i ran into the same but the farmer could not give permission to hunt..
 

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ruger, I know John S is good, but I had the same thing happen to me that Rebel is talking about. The farmer had the lease to farm not to give out permission for anything else. Ask him nicely to check his lease.
 

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On the hunter interference call
My inlaws neighbor has a few acres with horses
She runs around during rifle season making noise with pots and pans and hooting and hollaring to deter hunters on her land
I understand completely this is her land and she can do as she wishes
But if I am 30 yrds on his property and she is on hers making all sorts of noise to keep deer away from me is this considered interference
 

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I thought you needed landowner permission, not lessee permission? Kinda like asking someone who rents permission to hunt the owners property. The farmer may have hunting rights within the lease though...if so you are good. If not, I would secure permission from TWP... do you not think the next step for these neighbors is to talk to the township and complain?
 

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The law is below, the necessary component to prove the case is the person must be intentionally interfering with your hunt. It would be a hard sell to the court if her intention is towards people who have no permission to be on her property and inadvertently interfered with you.


1992, Act No. 45-1992.

Sec. 2302. Interference with lawful taking of wildlife or other activities permitted by this title prohibited.

(a) General rule. - Except as otherwise provided in this title, it is unlawful for another person at the location where the activity is taking place to intentionally obstruct or interfere with the lawful taking of wildlife or other activities permitted by this title. (a.1) Activities which violate section. - A person violates this section when he intentionally or knowingly:

(1) drives or disturbs wildlife for the purpose of disrupting the lawful taking of wildlife where another person is engaged in the process of lawfully taking wildlife or other permitted activities;

(2) blocks, impedes or otherwise harasses another person who is engaged in the process of lawfully taking wildlife or other permitted activities;

(3) uses natural or artificial visual, aural, olfactory or physical stimuli to affect wildlife behavior in order to hinder or prevent the lawful taking of wildlife or other permitted activities;

(4) creates or erects barriers with the intent to deny ingress or egress to areas where the lawful taking of wildlife or other permitted activities may occur;

(5) interjects himself into the line of fire;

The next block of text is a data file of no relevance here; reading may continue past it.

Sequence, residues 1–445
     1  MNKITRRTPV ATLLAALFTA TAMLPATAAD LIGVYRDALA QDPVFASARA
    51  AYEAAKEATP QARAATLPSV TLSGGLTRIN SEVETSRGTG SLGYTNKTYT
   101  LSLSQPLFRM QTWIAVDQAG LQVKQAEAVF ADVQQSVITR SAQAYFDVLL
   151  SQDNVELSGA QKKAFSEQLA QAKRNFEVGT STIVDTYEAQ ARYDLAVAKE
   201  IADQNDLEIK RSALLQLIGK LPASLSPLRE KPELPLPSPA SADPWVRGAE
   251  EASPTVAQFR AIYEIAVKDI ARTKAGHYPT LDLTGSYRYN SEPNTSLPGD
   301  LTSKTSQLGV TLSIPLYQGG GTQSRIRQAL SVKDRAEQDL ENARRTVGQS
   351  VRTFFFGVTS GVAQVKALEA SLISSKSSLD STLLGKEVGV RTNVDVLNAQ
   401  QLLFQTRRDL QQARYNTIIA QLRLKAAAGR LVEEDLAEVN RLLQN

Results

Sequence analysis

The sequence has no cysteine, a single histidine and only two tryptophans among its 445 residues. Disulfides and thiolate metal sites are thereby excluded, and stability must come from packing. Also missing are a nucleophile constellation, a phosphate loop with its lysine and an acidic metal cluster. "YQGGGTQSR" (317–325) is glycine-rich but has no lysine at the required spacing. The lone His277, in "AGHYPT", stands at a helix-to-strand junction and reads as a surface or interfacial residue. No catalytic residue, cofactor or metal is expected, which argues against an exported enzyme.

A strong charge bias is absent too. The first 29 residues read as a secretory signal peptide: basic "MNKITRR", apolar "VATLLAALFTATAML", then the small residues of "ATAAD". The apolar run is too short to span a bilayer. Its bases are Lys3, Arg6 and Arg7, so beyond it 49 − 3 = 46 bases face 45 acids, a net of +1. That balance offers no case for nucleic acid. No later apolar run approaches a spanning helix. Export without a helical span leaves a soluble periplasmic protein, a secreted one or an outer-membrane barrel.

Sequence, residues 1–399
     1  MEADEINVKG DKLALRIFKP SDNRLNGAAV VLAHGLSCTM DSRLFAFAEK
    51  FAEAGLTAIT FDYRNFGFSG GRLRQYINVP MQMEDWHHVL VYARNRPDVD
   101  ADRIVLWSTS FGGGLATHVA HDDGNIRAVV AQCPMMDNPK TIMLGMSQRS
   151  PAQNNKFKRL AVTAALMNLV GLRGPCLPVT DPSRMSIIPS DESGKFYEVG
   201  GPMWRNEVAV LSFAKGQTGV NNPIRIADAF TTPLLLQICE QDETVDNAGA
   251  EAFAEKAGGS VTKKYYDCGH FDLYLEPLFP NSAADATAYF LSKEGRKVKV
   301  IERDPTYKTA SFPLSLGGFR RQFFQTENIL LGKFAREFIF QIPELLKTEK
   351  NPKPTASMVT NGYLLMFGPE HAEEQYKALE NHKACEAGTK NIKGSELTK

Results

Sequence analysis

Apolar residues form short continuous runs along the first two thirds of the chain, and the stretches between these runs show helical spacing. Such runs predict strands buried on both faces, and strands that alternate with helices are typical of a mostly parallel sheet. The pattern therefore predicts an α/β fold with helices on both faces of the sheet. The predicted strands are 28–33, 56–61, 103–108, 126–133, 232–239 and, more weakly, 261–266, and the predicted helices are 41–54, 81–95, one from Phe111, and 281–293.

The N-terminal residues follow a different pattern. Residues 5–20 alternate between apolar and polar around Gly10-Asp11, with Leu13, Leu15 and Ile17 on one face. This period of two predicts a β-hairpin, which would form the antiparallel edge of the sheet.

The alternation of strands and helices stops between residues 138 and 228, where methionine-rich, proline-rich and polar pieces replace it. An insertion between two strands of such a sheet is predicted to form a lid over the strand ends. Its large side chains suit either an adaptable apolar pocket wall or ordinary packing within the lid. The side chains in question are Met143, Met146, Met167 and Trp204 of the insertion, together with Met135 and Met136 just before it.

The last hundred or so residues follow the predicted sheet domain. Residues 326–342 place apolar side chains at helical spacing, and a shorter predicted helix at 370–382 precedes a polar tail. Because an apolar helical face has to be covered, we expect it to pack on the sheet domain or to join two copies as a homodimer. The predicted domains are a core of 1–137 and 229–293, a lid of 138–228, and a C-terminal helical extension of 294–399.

(6) affects the condition or placement of personal or public property intended for use in the lawful taking of wildlife or other permitted activities in order to impair its usefulness or prevent its use;

(7) enter or remain upon public lands or upon private lands without permission of the owner or their agent, with intent to violate this section; or

(8) fails to obey the order of any officer whose duty it is to enforce any of the laws of this Commonwealth where such officer observes any conduct which violates this section or has reasonable grounds to believe that any person intends to engage in such conduct.

(b) Enforcement and recovery of damages. - The commission or any person who is lawfully engaged in the taking, hunting or trapping of game or wildlife who is directly affected by a violation of this section may bring an action to restrain conduct declared unlawful in this section and to recover damages.

(c) Exceptions. - The conduct declared unlawful in this section does not include any activities arising from lawful activity by other land uses, including farming, mining, forestry practices, recreation or any other activities when it is evident that such activities are not intended to violate this section.
 

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My inlaws neighbor has a few acres with horses
She runs around during rifle season making noise with pots and pans and hooting and hollaring to deter hunters on her land
I understand completely this is her land and she can do as she wishes
But if I am 30 yrds on his property and she is on hers making all sorts of noise to keep deer away from me is this considered interference
Nope. It's considered band practice.
 

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Discussion Starter #19
FrankDegamma said:
I thought you needed landowner permission, not lessee permission? Kinda like asking someone who rents permission to hunt the owners property. The farmer may have hunting rights within the lease though...if so you are good. If not, I would secure permission from TWP... do you not think the next step for these neighbors is to talk to the township and complain?
not sure about the conditions of the lease. I think with the police telling him last night to get a note from the farmer and have it with him there should be no problem. If a visit from the DWCO can squash this then that would be great. By asking the farmer to check his lease you may be getting into the territory where he says this is way too much trouble for me and easier for him just to say forget it, no hunting. When someone is kind enough to allow you to hunt I think it is important to make everything as easy as possible for them.. If it comes to that then I am sure my pal will take the steps needed. As of now here is the timeline of events.
1. neighbor comes and hastles hunter for hunting on leased township property for farming.
2. Hunter gets visit from police and explains he has farmers permission to hunt leased property. Police respond by telling him have written permission and all should be fine
3. Hunter gets written permission from farmer, next step is to get in touch with DWCO to see if a simple talk stating he has permission and it is a violation to disrupt hunt. If neighbor persists after this more steps will be taken if needed.
 

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Will the WCO ask to see permission from the landowner, or the farmer that leases it? IMHO, the landowner.... John S, in this situation...would you be satisfied with permission from the farmer who leases or would you want landowner. I guess the visit from the WCO should straighten it out...report back, i would like to know.